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Gadsden, James (1788-1858) to John Cripps

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Gilder Lehrman Collection #: GLC03587.22 Author/Creator: Gadsden, James (1788-1858) Place Written: Mexico Type: Autograph letter signed Date: 1 November 1856 Pagination: 4 p. ; 25.1 x 19.7 cm.

Summary of Content: Upset with his Secretary because he has not returned to Mexico to surrender their posts. Adds that Mrs. Monk (Cripps' mother) is beside herself and that he has offered to be her protector in Mexico and will not abandon her. Writes that he has had to deal with his personal business on his own and reports having to wrestle his furniture away from Mr. Baranda, who Gadsden claims was trying to rob him. Discusses the process of surrendering documents and the sale of his possessions. Discusses learning of his wife's death on 8 October, just after he had sent her a letter describing how liberating it was to be free of government work. Actual place written is illegible. Imprint in upper left corner reads "[illegible] Mayor, MGB, en Mexico."

Background Information: Gadsden was a railroad promoter and advocated a Southern rail system, the purpose of which would be to control the trade of the South and the West, thereby freeing those ...regions from their dependency on the North. To further this end he promoted Southern commercial conventions, and at a convention in 1845 he boldly urged the construction of a railroad to the Pacific. In 1853, when Jefferson Davis was Secretary of War in Pierce's cabinet, Gadsden was appointed minister to Mexico to negotiate for territory along the border. The result was the Gadsden Purchase. He was recalled in 1856 for exceeding his instructions. Cripps was General Gadsden's Secretary and a sawyer by profession.See More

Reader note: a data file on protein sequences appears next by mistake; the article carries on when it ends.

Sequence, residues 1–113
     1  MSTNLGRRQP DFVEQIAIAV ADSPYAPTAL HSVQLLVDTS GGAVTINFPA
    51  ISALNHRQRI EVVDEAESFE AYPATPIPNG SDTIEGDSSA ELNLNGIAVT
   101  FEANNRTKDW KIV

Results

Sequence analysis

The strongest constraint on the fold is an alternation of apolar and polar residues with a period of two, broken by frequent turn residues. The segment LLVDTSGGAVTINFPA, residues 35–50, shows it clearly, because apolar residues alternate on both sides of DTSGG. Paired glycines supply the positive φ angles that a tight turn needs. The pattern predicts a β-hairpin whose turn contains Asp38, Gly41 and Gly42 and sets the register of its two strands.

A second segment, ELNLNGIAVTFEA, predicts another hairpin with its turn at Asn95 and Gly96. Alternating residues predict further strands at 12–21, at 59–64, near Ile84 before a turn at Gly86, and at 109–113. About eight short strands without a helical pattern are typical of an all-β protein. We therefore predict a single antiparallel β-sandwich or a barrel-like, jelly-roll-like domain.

People: Gadsden, James, 1788-1858
Cripps, John S., fl. 1820-1875

Historical Era: National Expansion and Reform, 1815-1860

Subjects: Government and CivicsPoliticsDiplomacyLatin and South AmericaGlobal History and US Foreign PolicyGlobal History and US Foreign PolicyWomen's HistoryFinanceHome FurnishingsDeathMarriageAmerican Statesmen

Sub Era: Age of Jackson

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